October 2021’s short story of the month
NIGHT OF THE FULL MOON
The moon broke through the clouds, and the four of them stood there, frozen, waiting for something to happen. They were in the middle of an open field, and it was as if a spotlight had been trained on them. Suddenly, without warning a shrill scream filled the air.
Daisy, Sean, and Clarissa turned to see Mr. Smith still frozen in place.
“Run,” the teens yelled in unison.
They didn’t wait to see if he followed. They hoofed it as fast as possible for the nearest tree line, but Daisy and Clarissa knew that even the trees would be little protection against such a creature.
TWO DAYS EARLIER
“You’re not going to believe what I overheard my mom and dad talking about,” Daisy said as she plopped into a seat. The practically ancient desk chair creaked as she dropped in.
“Easy on the furniture, Daisy,” said Mr. Smith walking down an adjacent row to the front of the classroom.
“Sorry,” Daisy mumbled, yanking her bag over her head and dropping it loudly on the floor.
Mr. Smith shook his head and sighed. Daisy was one of his best students, but she moved about like a wrecking ball.
Daisy waited for their teacher to be out of hearing range before she continued.
“Anyway,” she hissed barely above a whisper. “As I was saying, you guys aren’t going to believe what I heard my parents talking about.”
“What?” asked Sean. He was still new to their friend group, and he felt like he needed to be engaged in whatever Daisy and Clarissa talked about, even if he wasn’t really interested.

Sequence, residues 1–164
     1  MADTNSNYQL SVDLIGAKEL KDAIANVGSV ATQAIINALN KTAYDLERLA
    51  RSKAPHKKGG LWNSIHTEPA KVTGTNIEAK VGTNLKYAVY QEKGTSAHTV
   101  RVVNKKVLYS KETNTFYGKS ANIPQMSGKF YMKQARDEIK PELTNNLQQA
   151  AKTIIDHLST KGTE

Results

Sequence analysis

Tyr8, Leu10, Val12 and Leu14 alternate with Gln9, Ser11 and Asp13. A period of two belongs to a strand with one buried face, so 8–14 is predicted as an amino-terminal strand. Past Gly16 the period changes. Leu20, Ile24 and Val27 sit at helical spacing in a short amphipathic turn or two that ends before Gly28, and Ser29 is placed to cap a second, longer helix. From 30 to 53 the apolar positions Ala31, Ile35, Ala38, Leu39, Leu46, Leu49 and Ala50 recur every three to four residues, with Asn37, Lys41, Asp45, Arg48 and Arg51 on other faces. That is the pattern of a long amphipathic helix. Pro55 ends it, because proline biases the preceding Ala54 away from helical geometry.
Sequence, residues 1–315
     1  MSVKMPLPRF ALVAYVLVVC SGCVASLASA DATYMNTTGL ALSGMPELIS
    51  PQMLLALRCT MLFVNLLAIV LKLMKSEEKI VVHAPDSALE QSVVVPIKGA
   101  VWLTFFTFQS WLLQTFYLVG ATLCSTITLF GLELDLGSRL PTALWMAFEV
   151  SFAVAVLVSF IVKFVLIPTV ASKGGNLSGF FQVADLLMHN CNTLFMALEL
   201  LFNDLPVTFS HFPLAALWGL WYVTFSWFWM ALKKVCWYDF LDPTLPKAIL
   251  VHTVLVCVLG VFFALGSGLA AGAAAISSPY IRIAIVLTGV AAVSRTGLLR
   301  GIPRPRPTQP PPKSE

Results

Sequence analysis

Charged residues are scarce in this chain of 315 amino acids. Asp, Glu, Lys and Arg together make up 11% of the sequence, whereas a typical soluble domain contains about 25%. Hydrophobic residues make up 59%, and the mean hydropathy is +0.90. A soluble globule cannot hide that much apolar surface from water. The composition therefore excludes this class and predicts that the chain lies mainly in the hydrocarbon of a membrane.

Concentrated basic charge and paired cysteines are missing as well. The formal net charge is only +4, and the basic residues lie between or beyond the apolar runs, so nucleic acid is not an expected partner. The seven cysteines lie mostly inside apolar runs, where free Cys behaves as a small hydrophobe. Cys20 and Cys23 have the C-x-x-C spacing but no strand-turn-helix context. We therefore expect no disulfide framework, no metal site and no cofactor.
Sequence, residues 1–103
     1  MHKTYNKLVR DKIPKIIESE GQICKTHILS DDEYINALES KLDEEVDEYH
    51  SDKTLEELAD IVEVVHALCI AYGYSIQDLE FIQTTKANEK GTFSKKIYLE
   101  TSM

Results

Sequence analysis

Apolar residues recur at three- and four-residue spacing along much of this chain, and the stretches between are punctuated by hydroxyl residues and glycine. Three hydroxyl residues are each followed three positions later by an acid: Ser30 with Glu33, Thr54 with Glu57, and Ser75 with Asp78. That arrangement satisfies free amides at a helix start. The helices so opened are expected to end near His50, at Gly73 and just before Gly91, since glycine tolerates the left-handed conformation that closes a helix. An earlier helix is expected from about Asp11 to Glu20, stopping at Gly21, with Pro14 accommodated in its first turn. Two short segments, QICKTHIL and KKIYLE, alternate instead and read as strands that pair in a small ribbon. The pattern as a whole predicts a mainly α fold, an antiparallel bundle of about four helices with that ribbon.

Clarissa turned around to join the conversation.
“Well?” Clarissa asked. “What are you so worked up about?”
Daisy crooked her finger and motioned for her two friends to lean in. “They said there is a harpy in the woods right outside of town.” She opened her eyes wider. Her face was pasted with a mischievous grin.
“So?” asked Sean. “Why are you so excited about it?” He really didn’t get girls sometimes. What was so exciting about a harpy? Daisy and Clarissa had grown up as a part of the magical world. He’d only recently learned that he too had magic. Seeing a magical creature didn’t seem like that big of a deal to him.
“A harpy,” Daisy hissed. “Can you imagine?”
Sean poked Clarissa when Daisy turned around to put her books on her desk. He didn’t say anything but when Clarissa looked at him, he raised his hands in confusion.
Clarissa shrugged. “It’s just one of those things that Daisy likes. Think of it like a collection. She is trying to see as many magical creatures as she can. She has a notebook that she writes in all down in and keeps track of dates and stuff. She’s weird like that.”
Mr. Smith only caught a part of their conversation but when he heard Clarissa say “magical creatures,” he tried to eaves drop some more. The students stopped talking though and settled down as the rest of the class showed up.
He gave the class an assignment to keep them busy. While they worked, mostly in quiet, he made notes in his own journal. He was keeping track of every time someone in town mentioned magic or anything magic related. He’d lived in this town his whole life, but it wasn’t until Daisy started attending his classes that he’d began to notice something else was going on and no one was talking about it. No one except for a handful of random teenagers.
At first, he assumed the kids were talking about a game or show, but the more he listened, the more he understood they were talking about the real world. And then as if to confirm his suspicions, he’d started finding strange tracks in the woods. He loved hiking and had been pacing the trails around town since he was a boy.